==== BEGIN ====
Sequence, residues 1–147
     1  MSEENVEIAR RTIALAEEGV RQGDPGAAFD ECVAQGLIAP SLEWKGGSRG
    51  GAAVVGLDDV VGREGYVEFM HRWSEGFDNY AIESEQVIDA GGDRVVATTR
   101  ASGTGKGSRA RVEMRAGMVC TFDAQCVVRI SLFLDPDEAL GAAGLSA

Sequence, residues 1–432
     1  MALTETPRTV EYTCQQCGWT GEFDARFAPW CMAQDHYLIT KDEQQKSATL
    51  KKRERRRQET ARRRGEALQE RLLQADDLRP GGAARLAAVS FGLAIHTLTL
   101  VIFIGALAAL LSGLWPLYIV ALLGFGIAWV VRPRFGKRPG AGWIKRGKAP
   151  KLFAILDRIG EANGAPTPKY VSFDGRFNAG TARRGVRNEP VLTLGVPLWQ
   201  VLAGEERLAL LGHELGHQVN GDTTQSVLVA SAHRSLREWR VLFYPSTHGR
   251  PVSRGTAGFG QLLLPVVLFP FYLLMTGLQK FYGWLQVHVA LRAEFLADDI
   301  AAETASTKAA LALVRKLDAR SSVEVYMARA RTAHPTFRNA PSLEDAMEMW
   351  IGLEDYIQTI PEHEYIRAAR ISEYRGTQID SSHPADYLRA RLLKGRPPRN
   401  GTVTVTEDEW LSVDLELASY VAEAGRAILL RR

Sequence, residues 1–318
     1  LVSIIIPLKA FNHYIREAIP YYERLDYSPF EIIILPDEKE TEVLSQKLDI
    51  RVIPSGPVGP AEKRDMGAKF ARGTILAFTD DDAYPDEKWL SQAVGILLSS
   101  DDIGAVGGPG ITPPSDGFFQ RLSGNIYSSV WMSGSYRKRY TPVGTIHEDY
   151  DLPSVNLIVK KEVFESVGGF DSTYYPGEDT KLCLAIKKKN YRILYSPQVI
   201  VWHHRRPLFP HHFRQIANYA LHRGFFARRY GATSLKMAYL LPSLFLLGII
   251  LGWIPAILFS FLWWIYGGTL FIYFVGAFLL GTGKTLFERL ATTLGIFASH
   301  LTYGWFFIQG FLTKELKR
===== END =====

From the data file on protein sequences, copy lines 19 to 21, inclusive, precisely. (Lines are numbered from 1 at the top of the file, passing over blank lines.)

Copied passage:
   151  DLPSVNLIVK KEVFESVGGF DSTYYPGEDT KLCLAIKKKN YRILYSPQVI
   201  VWHHRRPLFP HHFRQIANYA LHRGFFARRY GATSLKMAYL LPSLFLLGII
   251  LGWIPAILFS FLWWIYGGTL FIYFVGAFLL GTGKTLFERL ATTLGIFASH